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Opinion

Transparency in Health Care – Moving Beyond Buzzwords to Solutions

It’s no secret that health care consumers are challenged today to make informed decisions without understandable and complete information about the prices of services and recommended therapies, or information about quality and outcomes. And it’s also no secret that legislators and regulators in both federal and state governments are starting to recognize the importance of improving cost and quality transparency with consumers, as evidenced by CMS’ Blue Button 2.0 initiative, and the continued growth of All Payer Claims Databases in the states.

There have been a lot of health policy and regulatory conversations this year around the topics of price and cost transparency, encompassing everything from the cost of a physician office visit to the real costs of pharmaceuticals. But what does “price transparency” really mean in health care? Most consumers are primarily concerned with what their out-of-pocket amounts are, particularly if they are in a high deductible health plan or uninsured. Complete price information can be complicated because of many factors, including the geographic or facility location where a health care service is provided, the type of insurance coverage (if any) a patient has, and the schedule of covered benefits for those who are insured.

Health care consumers can’t make informed decisions unless all stakeholders become more transparent about the costs and quality of health care services and therapies, including pharmaceuticals, durable medical equipment, and devices. While cost and quality data is largely available, the format in which it is delivered to consumers often makes such informed decisions difficult. This is where a new generation of health IT-enabled solutions, combined with educational and financial services resources, can make a real impact.

Today, most costs incurred are not realized by the patient until well after a health care service or visit occurs, and it can be three to six weeks until a bill arrives. In many cases where costs exceed a consumer’s ability or willingness to pay, providers can experience either late payment or no payment at all. In our experience, only the most motivated patients will look for existing cost estimation tools on a health insurer portal, or from a health system call center. Even when portals and call centers exist, it’s frequently up to the consumer to research the relevant information about a procedure or treatment, yielding a time-consuming and frustrating effort. In addition, we have found that a leading cause of appointment no-shows is because consumers are uncertain of the final costs.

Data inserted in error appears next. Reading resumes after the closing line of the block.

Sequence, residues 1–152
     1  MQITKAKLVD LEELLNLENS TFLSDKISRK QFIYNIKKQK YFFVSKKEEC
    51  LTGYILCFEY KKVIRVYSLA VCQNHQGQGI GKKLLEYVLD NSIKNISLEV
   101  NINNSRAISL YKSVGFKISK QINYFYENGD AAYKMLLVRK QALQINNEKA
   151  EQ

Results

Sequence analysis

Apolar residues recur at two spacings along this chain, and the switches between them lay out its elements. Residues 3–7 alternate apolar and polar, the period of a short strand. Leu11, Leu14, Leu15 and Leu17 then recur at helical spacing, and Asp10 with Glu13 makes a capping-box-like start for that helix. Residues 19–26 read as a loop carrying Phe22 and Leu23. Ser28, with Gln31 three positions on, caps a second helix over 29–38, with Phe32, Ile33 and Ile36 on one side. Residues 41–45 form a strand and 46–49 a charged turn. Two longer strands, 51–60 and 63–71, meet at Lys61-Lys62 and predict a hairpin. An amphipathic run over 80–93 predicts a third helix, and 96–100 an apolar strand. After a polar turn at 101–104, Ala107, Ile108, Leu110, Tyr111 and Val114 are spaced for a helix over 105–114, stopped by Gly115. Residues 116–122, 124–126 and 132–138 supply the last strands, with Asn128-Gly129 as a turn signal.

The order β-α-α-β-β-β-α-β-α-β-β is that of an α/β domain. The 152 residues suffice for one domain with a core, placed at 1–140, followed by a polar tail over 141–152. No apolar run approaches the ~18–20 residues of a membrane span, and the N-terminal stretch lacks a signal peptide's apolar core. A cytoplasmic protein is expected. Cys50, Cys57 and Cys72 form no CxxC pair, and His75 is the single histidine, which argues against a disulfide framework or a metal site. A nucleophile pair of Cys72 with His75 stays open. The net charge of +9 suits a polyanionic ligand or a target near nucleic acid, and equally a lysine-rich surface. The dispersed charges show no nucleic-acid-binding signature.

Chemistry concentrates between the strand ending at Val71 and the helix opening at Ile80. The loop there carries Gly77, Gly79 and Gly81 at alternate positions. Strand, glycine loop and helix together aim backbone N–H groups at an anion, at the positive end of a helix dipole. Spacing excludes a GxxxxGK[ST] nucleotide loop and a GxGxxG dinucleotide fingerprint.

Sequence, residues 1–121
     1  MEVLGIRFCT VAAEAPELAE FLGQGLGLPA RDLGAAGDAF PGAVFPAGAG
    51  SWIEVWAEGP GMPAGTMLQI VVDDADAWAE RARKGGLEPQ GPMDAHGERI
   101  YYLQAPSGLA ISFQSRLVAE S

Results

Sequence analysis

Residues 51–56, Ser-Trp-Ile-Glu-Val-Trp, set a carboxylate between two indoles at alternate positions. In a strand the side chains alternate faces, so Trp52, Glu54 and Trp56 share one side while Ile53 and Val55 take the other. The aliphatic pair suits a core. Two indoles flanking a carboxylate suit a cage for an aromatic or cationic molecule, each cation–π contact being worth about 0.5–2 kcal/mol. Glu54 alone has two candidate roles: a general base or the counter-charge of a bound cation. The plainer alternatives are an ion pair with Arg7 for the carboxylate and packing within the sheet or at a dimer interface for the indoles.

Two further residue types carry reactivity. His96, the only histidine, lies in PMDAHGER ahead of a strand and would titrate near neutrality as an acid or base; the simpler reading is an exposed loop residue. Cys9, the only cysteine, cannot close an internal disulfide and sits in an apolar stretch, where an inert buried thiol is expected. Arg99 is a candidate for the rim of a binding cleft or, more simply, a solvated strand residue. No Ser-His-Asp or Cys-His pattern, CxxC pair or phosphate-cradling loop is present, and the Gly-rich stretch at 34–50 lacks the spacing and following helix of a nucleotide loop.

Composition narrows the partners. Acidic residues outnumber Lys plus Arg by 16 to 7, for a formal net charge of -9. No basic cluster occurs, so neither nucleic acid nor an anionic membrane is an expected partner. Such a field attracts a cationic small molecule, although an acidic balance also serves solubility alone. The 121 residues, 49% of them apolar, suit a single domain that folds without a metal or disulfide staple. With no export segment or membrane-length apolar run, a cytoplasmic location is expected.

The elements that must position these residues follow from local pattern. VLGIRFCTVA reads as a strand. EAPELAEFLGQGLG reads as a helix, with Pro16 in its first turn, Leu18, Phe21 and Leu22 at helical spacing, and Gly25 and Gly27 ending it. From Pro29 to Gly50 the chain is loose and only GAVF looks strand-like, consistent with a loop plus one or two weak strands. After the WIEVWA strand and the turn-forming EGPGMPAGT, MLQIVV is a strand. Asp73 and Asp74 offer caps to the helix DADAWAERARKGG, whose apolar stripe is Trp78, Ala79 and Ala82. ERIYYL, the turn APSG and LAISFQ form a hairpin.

As my colleague, Kris Joshi, discussed in Becker’s Hospital Review earlier this year, a neutral information infrastructure centered on the patient with information that’s easily accessible will help make patients more informed decision-makers when it comes to their own care. It will also further enhance the clinician-patient relationship and dialogue. With prior knowledge of the exact out-of-pocket costs, consumers can begin to make financial and/or treatment choices prior to a health care procedure. Imagine a user-friendly and accessible application — much like the True View solution from Change Healthcare — which provides:

  • An up-to-date provider directory combined with cost information for more than 1,000 medical procedures based on plan, network, and location;
  • Cost and quality benchmarks generated from data from 92 percent of the top 25 health plans; and
  • Customized health education information, all at a consumer’s fingertips on a mobile device.

This same solution could also provide links and referrals to a variety of trusted service companies, including an option to help set up a payment plan with a provider.

But price and quality transparency isn’t just important to consumers. We also recognize the need for greater trust and collaboration across all stakeholder groups in exchanging and sharing cost and quality information. Industry leaders must understand that a greater degree of transparency is critical to building trust with purchasers and transforming care for consumers. It is also important for supporting the growth of value-based care and reimbursement models.

One example involves clinicians who are participating in accountable care contracts. These clinicians are not only financially responsible for the care they provide, but also for the quality and cost of care delivered by referral partners. Clinicians in these arrangements need to know which potential referral partner has demonstrated the best outcomes, and need this information in a timely, meaningful format in their daily workflows.

The health care industry has just begun to make progress in the areas of price and quality transparency solutions. We are imagining future solutions incorporating new technologies and communication methods based on AI, blockchain and APIs. As we celebrate another annual Health IT Week, the industry needs to come together about what price transparency really means in health care, and how we can help health care consumers make informed decisions by providing them with complete information about the prices, services, and recommended therapies available to them.


Deanne Kasim is senior director of federal health policy strategy at Change Healthcare.

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